IS THE next meaningful date in Celtic's calendar really July 15?

Has the Hoops' season now been condensed down to six matches?

Two questions which are worth exploring after Scott Brown and Co. crashed out of the William Hill Scottish Cup last weekend.

With a 21-point advantage in the championship, no bookie in the land would lay a bet against Neil Lennon's side making it three titles in a row.

Indeed, despite Dons boss Derek McInnes vowing to push the Parkhead club much harder next season, it would be tough to find anyone willing to bet on it not becoming four-in-a-row.

With 14 games still to go this time around, Celtic can afford to lose six of them and will still lift the biggest prize available in Scottish football.

Given that they have not been defeated thus far, that is not going to happen. It is very much a case of when, not if, they cross the finishing line to lift their crown.

The challenge of, firstly, trying to extend their 11-game clean sheet record in the league, then trying to remain unbeaten through the 38-match campaign will replace some of the interest which has been lost because of the lead they have built up.

There is also the chance to set a new points record. That currently stands at 103, from season 2001-02 when Lennon was a major player in the Martin O'Neill side which lost only once in the championship race that term.

Of course, the snipers will shoot holes in any title won post-Rangers implosion.

And, on the eve of the second anniversary of the Ibrox club going into administration before, ultimately, going into liquidation, anything Celtic win these days will be subject to the accusation they are capitalising on the competition void which is now perceived to exist.

However, Rangers were not in the top division last season, yet Celtic managed to accrue only 79 points - the lowest-ever winning tally in the history of the SPL.

So, to already be within a few wins of surpassing that mark while playing against almost entirely the same set of clubs as the previous campaign confirms Lennon and his players have improved, in terms of consistency, if nothing else.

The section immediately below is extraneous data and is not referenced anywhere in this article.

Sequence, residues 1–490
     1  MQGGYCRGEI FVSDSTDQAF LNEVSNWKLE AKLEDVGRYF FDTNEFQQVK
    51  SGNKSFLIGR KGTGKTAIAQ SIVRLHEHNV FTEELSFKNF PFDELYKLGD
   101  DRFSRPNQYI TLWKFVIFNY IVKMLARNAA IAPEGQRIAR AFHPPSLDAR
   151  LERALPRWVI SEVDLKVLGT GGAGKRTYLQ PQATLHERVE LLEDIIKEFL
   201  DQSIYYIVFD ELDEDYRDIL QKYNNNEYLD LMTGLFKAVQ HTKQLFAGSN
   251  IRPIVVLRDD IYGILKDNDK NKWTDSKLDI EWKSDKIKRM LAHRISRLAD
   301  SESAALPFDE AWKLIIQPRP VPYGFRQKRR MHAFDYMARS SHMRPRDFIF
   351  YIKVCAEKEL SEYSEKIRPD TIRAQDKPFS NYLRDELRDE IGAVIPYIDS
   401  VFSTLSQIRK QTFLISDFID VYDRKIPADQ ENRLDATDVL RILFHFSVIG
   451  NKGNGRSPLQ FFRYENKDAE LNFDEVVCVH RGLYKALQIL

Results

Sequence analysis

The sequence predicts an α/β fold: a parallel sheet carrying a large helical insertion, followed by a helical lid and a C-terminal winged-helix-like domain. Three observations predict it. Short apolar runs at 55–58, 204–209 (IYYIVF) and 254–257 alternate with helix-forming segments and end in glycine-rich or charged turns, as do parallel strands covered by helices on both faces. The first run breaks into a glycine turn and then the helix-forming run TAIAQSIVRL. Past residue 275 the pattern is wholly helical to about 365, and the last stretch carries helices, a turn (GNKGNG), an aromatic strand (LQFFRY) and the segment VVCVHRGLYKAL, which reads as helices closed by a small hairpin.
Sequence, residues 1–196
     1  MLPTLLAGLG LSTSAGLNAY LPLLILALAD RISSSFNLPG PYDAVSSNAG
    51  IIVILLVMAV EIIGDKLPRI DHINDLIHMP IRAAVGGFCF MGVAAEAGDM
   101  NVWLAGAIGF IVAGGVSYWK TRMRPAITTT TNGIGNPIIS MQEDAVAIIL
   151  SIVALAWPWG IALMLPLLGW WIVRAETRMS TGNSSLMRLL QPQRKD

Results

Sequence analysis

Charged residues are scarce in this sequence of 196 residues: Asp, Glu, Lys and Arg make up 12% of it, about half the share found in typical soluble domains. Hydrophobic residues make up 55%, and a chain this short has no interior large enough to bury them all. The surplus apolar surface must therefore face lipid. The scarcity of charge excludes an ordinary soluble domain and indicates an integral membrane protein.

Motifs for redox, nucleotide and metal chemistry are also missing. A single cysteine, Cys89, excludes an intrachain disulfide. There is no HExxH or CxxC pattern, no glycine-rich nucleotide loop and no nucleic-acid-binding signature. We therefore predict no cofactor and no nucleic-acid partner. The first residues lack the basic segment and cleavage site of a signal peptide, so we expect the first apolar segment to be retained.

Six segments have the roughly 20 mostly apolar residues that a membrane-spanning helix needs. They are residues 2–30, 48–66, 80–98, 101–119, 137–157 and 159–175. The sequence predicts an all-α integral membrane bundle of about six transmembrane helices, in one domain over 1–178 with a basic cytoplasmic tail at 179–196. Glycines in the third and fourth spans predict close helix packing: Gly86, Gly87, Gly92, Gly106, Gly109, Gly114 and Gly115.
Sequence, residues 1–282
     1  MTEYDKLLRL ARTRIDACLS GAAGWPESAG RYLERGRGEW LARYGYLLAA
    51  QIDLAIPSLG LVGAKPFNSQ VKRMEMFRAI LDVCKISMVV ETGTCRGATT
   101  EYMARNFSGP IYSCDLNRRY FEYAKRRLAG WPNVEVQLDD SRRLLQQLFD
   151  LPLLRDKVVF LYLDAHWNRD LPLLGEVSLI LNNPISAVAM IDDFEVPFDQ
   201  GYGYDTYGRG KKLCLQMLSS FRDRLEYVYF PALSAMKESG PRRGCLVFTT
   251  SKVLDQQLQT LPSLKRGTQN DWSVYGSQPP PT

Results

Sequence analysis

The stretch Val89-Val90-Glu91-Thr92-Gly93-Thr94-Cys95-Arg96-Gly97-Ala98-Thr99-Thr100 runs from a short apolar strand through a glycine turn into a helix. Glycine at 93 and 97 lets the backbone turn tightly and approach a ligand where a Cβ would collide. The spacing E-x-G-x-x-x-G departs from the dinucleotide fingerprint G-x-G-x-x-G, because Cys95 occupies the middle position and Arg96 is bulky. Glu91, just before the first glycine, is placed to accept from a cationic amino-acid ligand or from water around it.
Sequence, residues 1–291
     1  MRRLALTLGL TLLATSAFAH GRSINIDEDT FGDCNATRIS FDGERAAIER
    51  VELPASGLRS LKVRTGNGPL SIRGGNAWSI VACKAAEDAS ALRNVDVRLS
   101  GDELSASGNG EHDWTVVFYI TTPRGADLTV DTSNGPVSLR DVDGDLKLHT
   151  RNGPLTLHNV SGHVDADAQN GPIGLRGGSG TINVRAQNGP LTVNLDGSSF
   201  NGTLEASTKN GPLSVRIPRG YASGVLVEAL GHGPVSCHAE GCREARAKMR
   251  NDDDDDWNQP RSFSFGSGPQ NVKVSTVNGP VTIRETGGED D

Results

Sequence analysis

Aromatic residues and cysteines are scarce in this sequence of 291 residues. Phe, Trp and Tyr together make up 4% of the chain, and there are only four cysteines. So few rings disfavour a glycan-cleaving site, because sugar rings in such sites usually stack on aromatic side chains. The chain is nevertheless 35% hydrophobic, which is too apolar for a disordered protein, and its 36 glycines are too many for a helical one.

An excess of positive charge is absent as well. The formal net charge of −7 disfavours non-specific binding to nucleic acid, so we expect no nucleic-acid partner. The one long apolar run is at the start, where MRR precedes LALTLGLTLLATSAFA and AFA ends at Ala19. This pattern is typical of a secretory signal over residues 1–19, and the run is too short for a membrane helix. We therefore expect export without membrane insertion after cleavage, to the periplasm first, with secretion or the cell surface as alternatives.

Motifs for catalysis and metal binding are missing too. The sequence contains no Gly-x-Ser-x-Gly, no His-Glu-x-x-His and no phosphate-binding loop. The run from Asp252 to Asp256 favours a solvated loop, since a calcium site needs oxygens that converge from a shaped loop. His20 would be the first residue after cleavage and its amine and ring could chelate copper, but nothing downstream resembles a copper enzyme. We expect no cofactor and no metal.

That will be some consolation to a manager who demands progress year on year, and who will be bracing himself for the accusation that this has been a poorer season than last because they will only collect one trophy compared the league-cup double of last term, which sat proudly alongside the achievement of reaching the last 16 of the Champions League.

Therein sits the paradox, because the form in the league shows how consistent Celtic have been this season, yet their exits from both cups before the quarter-final stages, and their disappointing display in the group stage of the Champions League, shows that when the chips have been down, they have been unable to roll the dice effectively.

This is all being played out against the backdrop of financial statements which, to paraphrase chief executive, Peter Lawwell, shows the club to be in its strongest ever position.

The pre-tax profits of over £21million have been generated despite having to heavily discount season tickets, and play to a half-empty stadium.

The half-term report left no one in any doubt about how important it is for the club to participate in the Champions League, even if, before a ball is kicked each year, their business plan is based on them only reaching the group stage of the Europa League, where the income is around an eighth of that enjoyed in the premier competition.

More than the £15m or so which qualifying for the Champions League brings, participation also helps the club attract better players.

This, in turn, plays to the vital part of the business plan which relies on recruiting raw talent, developing it, giving it a stage on which to display its quality and in so doing attract multi-million-pound offers.

As recent transfer windows have shown, even this carrot is not always enough to convince targets that Parkhead is a viable option. But with no Champions League, it would be infinitely tougher to lure real quality.

Which brings us back to the initial premise, that the four qualifying ties and two play-offs are the most important games in the season. Because of what is on the line, they not only define the campaign, they also create the greatest tension and excitement.

Which is why, while Lennon will demand his players keep their eye on the ball, even he will already be looking forward to their vital mini-season, which kicks off on July 15/16 with the first leg of their second qualifying round and ends on August 26/27 when the second leg of the play-offs are contested.

That's now the real red-letter day in Celtic's calendar.